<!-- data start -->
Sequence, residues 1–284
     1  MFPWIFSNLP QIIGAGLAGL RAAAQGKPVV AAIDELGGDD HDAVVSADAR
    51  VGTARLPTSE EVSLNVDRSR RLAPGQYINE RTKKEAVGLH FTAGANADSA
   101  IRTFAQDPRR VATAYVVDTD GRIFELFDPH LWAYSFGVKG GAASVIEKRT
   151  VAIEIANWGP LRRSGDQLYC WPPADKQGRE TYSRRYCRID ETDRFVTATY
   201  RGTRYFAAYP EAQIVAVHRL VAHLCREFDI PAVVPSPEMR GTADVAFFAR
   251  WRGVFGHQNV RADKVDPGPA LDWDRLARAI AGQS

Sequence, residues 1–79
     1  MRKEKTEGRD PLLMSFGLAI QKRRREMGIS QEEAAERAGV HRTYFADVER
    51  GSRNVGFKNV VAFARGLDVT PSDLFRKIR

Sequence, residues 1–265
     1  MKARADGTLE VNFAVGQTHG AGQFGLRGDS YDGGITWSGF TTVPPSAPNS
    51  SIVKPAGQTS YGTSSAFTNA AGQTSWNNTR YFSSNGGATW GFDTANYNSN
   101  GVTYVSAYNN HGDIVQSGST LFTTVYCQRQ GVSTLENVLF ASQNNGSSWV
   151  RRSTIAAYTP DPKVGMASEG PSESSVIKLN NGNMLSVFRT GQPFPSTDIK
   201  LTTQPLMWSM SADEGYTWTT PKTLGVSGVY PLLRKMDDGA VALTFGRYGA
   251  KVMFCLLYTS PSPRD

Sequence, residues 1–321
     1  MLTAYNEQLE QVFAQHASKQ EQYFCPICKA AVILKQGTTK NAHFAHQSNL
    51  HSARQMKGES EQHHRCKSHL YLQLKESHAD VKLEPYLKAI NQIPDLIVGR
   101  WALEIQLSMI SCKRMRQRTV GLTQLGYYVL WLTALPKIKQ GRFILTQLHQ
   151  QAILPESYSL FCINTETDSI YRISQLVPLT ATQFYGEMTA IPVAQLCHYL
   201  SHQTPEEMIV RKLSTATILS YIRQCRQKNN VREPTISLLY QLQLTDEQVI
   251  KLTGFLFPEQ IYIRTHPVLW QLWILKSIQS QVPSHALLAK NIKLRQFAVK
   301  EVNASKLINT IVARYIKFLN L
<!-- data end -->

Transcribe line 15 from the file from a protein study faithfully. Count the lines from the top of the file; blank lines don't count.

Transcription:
   151  RRSTIAAYTP DPKVGMASEG PSESSVIKLN NGNMLSVFRT GQPFPSTDIK